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Chap. vi. way with fixed bayonets, against the breastwork. 1775. The alarm was immediately given; and, as is

December 9. the practice with raw troops, the bravest of the

Action at the Americans rushed to the works, where, unrmBruigc. mm(]fuj Qr order, they kept up a tremendous fire on the front of the British column. Captain Fordycc, though received so warmly in front, and taken in flank by*i small body of men who were collected bv colonel Stevens of the minute battalion, and posted on an eminence .something more than one hundred yards to the left, marched up under this terrible fire with great intrepidity, until he fell dead within a few steps of the breastwork. The column immediately broke, but the British troops being covered in their retreat by the artillery of the fort, were not pursued.

In this ill judged attack, every grenadier is said to have been killed or wounded; while the Americans did not lose a single man.

Norr,,ik The next night, the fort. was evacuated.


The provincial troops proceeded to Norfolk, and lord Dunmore found it necessary to take refuge on board his vessels. He was followed by the most offensive of the disaffected with their families.

After taking possession of the town, the American soldiers frequently amused themselves by firing into the vessels in the harbour from the buildings near the water. Irritated by this, or some other cause, it was deterI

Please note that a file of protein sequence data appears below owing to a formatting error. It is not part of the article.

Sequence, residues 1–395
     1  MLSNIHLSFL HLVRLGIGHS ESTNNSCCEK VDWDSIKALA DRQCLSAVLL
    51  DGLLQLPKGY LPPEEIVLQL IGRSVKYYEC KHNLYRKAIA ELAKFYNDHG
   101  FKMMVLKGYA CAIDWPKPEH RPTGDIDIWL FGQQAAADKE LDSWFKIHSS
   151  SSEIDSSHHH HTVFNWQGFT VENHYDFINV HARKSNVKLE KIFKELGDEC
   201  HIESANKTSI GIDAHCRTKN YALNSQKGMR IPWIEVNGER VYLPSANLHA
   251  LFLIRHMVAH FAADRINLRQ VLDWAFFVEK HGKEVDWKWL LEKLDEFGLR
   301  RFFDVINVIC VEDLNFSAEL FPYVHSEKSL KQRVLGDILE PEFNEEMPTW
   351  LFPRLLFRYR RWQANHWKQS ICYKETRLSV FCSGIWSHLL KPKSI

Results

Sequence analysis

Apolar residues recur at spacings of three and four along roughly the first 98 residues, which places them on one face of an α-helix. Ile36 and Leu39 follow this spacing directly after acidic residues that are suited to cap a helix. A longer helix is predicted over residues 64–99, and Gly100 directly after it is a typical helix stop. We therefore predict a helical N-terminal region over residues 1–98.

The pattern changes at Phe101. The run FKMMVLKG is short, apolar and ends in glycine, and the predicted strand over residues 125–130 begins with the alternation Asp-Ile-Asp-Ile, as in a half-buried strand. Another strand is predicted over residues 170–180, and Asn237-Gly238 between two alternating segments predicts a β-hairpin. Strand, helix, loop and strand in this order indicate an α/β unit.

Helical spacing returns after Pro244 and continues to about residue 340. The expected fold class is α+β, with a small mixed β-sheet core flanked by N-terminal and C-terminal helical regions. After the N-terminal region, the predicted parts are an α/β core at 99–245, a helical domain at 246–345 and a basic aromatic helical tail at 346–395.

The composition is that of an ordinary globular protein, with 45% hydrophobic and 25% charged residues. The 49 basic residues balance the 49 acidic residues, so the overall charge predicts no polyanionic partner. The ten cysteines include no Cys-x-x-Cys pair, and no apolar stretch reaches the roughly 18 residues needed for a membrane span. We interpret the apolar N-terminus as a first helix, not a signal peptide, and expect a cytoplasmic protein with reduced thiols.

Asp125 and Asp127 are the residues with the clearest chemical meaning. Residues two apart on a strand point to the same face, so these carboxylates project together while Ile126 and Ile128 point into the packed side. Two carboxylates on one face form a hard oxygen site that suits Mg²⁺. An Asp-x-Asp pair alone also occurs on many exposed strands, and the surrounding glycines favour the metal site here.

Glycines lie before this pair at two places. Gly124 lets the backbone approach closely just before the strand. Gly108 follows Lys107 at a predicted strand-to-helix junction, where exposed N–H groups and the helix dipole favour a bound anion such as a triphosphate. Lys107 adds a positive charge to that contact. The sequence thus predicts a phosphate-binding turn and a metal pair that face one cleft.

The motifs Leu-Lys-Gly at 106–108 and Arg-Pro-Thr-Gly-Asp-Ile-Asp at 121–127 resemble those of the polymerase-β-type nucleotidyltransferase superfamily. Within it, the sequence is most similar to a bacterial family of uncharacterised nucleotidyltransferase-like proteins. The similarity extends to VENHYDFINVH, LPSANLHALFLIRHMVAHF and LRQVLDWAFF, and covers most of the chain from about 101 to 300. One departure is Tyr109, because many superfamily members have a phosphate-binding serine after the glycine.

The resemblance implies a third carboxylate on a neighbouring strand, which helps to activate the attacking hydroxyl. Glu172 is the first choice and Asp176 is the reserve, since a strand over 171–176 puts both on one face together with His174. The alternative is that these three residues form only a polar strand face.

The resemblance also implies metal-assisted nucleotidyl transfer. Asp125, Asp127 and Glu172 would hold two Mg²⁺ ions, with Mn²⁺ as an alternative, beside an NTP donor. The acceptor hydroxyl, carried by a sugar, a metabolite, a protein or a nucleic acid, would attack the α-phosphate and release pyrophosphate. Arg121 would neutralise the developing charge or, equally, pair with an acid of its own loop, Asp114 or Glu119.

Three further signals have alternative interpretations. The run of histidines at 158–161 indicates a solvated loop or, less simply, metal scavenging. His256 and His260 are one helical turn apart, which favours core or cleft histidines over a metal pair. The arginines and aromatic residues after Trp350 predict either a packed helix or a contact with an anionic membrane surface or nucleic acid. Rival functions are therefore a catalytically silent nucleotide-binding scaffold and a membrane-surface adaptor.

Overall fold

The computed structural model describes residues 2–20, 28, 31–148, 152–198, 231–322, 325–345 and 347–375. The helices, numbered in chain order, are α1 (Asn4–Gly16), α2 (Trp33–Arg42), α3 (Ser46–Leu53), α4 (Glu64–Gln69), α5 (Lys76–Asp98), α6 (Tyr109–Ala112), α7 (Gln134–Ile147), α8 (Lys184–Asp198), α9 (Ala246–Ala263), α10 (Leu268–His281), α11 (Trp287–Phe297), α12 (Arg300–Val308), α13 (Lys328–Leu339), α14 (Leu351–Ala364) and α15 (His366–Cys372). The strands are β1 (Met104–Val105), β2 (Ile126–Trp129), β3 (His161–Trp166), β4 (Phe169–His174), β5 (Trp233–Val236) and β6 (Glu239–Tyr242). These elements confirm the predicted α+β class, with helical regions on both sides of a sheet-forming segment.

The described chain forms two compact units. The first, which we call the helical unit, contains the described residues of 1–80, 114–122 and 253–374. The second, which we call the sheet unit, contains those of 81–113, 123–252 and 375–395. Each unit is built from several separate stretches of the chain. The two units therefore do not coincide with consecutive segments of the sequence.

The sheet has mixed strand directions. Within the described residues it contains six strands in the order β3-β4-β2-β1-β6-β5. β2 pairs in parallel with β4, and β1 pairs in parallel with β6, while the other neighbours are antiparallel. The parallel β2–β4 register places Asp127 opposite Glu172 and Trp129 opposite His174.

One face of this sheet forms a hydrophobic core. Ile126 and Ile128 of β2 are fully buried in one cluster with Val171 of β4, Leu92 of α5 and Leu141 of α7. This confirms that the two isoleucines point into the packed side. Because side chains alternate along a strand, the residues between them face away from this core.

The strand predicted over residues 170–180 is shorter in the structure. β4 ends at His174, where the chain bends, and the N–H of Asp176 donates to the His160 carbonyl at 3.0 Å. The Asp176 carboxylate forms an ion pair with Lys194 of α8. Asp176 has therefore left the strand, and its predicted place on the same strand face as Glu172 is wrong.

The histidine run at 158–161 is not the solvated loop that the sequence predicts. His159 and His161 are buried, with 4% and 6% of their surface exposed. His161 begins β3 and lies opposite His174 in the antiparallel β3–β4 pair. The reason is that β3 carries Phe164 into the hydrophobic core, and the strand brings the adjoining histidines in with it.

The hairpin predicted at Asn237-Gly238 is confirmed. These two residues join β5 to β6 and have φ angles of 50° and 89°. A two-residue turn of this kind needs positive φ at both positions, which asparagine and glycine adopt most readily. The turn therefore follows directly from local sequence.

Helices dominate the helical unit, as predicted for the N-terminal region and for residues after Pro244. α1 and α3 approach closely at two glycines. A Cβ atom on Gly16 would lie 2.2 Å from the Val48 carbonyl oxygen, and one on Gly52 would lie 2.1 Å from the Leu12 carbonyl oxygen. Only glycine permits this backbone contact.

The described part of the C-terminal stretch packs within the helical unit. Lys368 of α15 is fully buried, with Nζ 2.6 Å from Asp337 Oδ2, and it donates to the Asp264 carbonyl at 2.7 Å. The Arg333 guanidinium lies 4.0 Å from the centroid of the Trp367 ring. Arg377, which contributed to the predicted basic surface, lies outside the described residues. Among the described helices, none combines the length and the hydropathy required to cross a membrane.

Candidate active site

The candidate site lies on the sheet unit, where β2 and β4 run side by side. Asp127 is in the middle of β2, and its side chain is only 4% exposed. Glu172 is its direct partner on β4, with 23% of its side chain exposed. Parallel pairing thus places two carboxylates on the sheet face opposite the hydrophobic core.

mined to destroy the houses immediately on CHap-V1the shore; and on the night of the first of ^776. January, a heavy cannonade was commenced, J3'""ryunder cover of which a body of the enemy landed, and set fire to a number of houses near Andburntthe river.

A strong prejudice had been entertained among the provincial troops against this station. It was believed to be a very dangerous one, from which, if the enemy should be re-enforced, it would be difficult, if not impossible, to escape; and they saw with great composure, the flames spread from house to house, without making any attempt to extinguish them. It is not certain that they did not themselves contribute to extend them. After the fire had continued for several weeks, in which time it progressed slowly as the wind set against it, and had consumed about four fifths of the town, colonel Howe, who commanded a regiment of North Carolina regulars, which had come to the assistance of Virginia, and who had waited on the convention to press on them the necessity of destroying the place,

returned with orders to burn the remaining

houses. These orders were carried into im- Febmarymediate execution, after which, the troops marched from Norfolk to the different stations which were assigned them."

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Chap, vi. Thus was destroyed by far the most popu1776. lous and flourishing town in Virginia. That part of the destruction, effected by order of the convention, was produced by the fear that it would be held by the enemy as a permanent post, and the hope that, after it was burnt down, the seat of war would be entirely removed from the province.

It was one of those ill judged measures, founded on a course of false reasoning, to which the inexperienced are often exposed.